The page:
ADHD minds that are bored or understimulated may become restless and want quick gratification and additional stimulation. While you may think your child's fidgeting, noise, laughter, yelling, or conflict-inducing behaviors are improper and unsolicited, their under-stimulated brains are demanding stimulation.To work properly, the brain must be motivated, engaged, and attentive. The promise of a reward controls motivation. The neurotransmitter dopamine is released when the brain is exposed to a gratifying event. Motivation, positive reinforcement, and pleasure are all controlled by the dopamine reward system.
The internal and external stimulations that an average brain receives throughout the day are enough to keep it motivated. It can self-regulate, prioritize, manage time, and stay sufficiently challenged in order to confront and fulfill life's daily chores and responsibilities. However, the nervous system of those with ADHD need more.
Dopamine insufficiency and erratic focus The modest rewards of everyday activities, long-term fulfillment, and external duties that others perceive "essential" struggle to inspire the dopamine-deficient ADHD brain. This isn't a flaw in your character. It's also not a purposeful self-serving or reckless decision, despite what non-ADHD family members may think. The ADHD brain has been dubbed a "interest-based nervous system" because it seeks out high-stimulation circumstances, stronger incentives, and more immediate rewards, all of which cause a burst of dopamine and a surge of drive.
Hyperfocus. The brain's most powerful reward is dopamine. Many times a day, the ADHD nervous system might "get in the zone" of increased dopamine production and hyperfocus. When the ADHD brain is engaged with and pushed by an activity, drawn to a distinctive or unusual task, or placed in a competitive environment, attention and executive function deficits disappear. Pleasurable incentives (food, sex, exercise, competition, music), risky and extreme activities (fast driving, motorcycle riding, waterskiing, skydiving), high-risk and high-intensity careers (police officers, firefighters, ER and EMS personnel), and crises amplify dopamine production and motivate the brain to focus. The ADHD brain craves a dopamine surge, which is why it frequently procrastinates — it waits until the last minute, causing a crisis, in order to perform optimally in a short amount of time.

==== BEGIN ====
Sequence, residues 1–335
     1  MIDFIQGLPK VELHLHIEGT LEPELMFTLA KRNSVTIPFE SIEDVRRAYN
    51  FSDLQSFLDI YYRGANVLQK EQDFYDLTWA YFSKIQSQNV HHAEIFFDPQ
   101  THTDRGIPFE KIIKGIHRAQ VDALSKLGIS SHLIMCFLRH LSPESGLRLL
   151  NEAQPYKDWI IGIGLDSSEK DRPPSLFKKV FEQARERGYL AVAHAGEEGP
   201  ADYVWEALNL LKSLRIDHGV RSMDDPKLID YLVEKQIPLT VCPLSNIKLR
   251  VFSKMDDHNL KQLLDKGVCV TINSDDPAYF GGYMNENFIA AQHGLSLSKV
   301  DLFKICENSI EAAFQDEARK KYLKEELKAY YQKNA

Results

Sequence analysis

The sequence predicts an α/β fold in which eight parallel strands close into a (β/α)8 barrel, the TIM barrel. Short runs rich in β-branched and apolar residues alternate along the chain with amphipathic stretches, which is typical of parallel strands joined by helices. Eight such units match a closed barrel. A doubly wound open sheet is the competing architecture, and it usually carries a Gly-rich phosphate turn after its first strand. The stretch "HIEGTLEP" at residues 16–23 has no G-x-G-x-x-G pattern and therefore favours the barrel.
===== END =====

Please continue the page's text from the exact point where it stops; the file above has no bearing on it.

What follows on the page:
There's either not enough stimulus or there's too much stimulation. ADHD minds that are bored or understimulated may become restless and want quick gratification and additional stimulation. While you may think your child's fidgeting, noise, laughter, yelling, or conflict-inducing behaviors are improper and unsolicited, their under-stimulated brains are demanding stimulation. An over-aroused brain, on the other hand, can cause sensory overload, which manifests as an inability to moderate responses and a tearful, irritated, or aggressive "crash," as well as a sudden need to withdraw, tune-out, or spend time alone. It's a delicate balancing act for the nervous system.
Because what the ADHD nervous system wants and why is so different from what non-ADHD brains require, it is critical for family members to understand and respect what the ADHD nervous system wants and why. Many of your child's responses and behaviors will make more sense and generate acceptance and compassion rather than anger and resentment if previously incomprehensible behaviors are recognized as a neurological fight for self-regulation.